Ok, so the title may not be specific enough. Trump seems to have many problems.  But I’m not addressing his financial, social, physical, intellectual, moral or psychological problems.  Lots of people have run successful political campaigns despite having those. I’m talking about his strategic problem that’s hampering his quest for the Presidency.

Trump’s strategic problem is that he can’t adapt.  He is a one-trick pony who has used his trick to the limit of its potential and now does not know what to do on finding it no longer works.

In the primaries, Trump employed an aggressive, brash style to get attention for himself and to mock his competitors. It worked very well.  I won’t lie; I thought it was very entertaining to see him relentlessly mock the career politicians.  They had never seen anything like it, and were unprepared for it.

The problem is, people have now gotten tired of the insult-comedy routine. It was funny for a while, but eventually wears out its welcome.  Add to this that the general electorate is less receptive to such an aggressive style than Republican primary voters, and it becomes clear Trump needs a new strategy.

The standard political hack term for this is “pivoting to the general election”, which is a nice way of saying: “tell the primary voters one thing, then tell general election voters something else.”  Or lie, to put it simply.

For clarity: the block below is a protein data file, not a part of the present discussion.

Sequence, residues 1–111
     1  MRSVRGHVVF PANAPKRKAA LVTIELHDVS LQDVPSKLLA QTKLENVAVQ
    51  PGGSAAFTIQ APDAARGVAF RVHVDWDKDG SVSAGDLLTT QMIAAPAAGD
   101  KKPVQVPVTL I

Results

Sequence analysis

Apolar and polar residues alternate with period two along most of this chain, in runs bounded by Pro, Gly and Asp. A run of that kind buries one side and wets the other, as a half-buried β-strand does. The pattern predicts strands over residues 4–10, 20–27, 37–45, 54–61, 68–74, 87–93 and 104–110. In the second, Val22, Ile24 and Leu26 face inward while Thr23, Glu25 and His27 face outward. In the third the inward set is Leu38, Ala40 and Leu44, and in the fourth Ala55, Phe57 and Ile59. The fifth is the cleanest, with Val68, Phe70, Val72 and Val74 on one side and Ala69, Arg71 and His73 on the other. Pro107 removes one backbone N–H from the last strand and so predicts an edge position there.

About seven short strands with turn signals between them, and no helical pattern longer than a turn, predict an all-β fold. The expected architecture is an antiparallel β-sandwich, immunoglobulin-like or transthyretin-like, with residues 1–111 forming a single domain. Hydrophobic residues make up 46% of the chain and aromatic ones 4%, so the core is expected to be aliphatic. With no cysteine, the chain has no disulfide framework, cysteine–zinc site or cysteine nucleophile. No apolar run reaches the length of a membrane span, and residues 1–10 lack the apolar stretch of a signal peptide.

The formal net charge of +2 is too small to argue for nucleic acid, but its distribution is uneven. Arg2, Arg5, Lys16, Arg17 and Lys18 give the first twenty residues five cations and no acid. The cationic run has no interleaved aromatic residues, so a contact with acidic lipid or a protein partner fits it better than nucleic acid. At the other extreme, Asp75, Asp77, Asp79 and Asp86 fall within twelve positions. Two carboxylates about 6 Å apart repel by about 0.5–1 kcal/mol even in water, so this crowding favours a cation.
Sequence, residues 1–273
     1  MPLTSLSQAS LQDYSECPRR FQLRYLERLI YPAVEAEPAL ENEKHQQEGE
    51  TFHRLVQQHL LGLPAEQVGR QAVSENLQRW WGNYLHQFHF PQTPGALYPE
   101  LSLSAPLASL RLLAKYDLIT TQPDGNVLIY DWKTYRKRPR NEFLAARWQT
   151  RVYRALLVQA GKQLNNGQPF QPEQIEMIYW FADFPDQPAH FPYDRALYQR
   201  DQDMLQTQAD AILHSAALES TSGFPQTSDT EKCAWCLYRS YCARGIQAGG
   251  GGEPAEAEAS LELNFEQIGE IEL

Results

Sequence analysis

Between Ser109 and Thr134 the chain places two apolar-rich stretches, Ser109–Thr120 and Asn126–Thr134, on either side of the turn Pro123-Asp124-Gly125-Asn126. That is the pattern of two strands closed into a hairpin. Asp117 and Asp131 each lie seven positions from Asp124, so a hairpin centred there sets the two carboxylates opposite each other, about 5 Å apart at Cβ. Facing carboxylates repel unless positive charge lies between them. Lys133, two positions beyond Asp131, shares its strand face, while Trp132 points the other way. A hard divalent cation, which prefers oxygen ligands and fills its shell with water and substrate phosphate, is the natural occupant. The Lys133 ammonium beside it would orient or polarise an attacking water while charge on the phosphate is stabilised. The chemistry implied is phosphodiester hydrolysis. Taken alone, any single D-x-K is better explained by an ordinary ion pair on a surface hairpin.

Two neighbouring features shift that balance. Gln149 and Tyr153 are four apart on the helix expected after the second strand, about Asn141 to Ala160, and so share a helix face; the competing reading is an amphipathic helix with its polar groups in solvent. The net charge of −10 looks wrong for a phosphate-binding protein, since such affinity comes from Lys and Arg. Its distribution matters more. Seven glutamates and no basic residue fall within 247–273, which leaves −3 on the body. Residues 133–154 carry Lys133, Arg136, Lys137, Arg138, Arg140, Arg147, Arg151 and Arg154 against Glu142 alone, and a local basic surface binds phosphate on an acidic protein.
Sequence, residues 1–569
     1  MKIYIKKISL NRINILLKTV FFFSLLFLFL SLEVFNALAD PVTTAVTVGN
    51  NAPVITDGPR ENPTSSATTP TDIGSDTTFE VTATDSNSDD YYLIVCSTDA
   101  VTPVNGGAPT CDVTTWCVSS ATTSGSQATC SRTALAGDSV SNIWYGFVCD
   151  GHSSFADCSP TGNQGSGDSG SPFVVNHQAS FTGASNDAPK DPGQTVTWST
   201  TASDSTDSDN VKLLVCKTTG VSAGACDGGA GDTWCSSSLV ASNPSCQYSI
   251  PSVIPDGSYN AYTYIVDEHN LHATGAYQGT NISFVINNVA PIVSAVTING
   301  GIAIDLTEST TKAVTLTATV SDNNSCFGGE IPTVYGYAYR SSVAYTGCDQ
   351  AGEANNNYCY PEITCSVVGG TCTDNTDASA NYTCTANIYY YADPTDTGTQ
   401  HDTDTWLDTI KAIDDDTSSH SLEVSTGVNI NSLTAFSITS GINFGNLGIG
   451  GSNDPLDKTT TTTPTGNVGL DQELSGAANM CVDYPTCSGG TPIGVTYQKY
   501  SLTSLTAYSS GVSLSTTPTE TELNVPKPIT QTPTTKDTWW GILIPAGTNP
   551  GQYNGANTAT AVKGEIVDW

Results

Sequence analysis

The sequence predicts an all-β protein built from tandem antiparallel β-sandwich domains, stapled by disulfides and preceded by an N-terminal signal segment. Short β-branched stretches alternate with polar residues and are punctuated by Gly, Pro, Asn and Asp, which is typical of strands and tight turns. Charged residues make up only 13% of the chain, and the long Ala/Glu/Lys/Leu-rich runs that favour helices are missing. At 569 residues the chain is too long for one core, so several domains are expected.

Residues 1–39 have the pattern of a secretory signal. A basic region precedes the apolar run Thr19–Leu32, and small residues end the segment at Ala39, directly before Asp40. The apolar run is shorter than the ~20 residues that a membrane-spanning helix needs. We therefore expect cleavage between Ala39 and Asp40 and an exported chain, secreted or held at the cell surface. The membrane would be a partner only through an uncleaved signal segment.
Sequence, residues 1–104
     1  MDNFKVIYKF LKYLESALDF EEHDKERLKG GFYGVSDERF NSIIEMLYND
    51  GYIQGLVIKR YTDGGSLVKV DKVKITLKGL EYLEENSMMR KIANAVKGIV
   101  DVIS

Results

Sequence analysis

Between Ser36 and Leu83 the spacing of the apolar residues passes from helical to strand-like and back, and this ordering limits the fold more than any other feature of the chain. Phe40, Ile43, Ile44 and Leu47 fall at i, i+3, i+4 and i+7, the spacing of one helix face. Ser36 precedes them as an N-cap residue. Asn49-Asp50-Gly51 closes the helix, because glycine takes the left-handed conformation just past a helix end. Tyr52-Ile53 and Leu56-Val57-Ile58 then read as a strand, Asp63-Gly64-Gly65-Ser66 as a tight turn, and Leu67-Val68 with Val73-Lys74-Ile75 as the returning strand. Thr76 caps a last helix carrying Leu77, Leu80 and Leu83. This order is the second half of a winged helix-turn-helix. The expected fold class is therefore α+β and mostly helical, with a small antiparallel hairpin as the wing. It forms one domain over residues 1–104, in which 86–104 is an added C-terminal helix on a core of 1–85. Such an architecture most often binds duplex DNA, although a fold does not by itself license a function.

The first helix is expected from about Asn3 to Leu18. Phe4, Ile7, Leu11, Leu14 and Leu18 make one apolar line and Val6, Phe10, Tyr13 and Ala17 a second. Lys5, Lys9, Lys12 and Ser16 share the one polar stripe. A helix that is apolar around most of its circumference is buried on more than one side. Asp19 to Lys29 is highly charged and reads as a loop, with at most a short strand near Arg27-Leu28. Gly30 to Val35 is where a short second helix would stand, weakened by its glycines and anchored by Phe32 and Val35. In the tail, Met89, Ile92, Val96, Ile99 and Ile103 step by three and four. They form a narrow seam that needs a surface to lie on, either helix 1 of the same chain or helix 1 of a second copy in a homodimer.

Mitt Romney provided the textbook example of this in 2012.  He said all sorts of Conservative-sounding stuff in the Primaries, then took it all back and came out with new, more liberal policies in the General election. It all seemed strategically sound in theory, and I think most strategists would say it was very well done, except for the bit where Romney lost the election.

As you can perhaps tell, I do not like the “pivot to the general election” concept.  It seems to show contempt for voters.  It is effectively saying “Ha!  Those stupid voters will forget what we promised earlier this year, and believe the new, contradictory set of things we are promising now.”  I like candidates who seem a bit more principled.

Trump is definitely not pivoting, but he is also not standing on principle.  He is just continuing to fight and insult people.  And people are tired of it.  They want to see that he is capable of doing something else, at least once.

The funny thing is, his biggest error may also have been his greatest opportunity to do this–but he missed it.

After he started his absurd argument with the Khan family, Trump could have surprised everyone by apologizing to them profusely.  If he had done that, completely and unreservedly, people might have said “Wow!  Trump actually can admit when he’s wrong!” and it might have come out being a positive for him.

But Trump couldn’t do that. Whether because he has some personality disorder that prevents him from ever admitting he’s wrong or just because he thought “My ‘Always Attack/Never Apologize’ strategy got me this far, I won’t drop it now”, Trump failed to do the right thing because he can’t do anything other than attack people.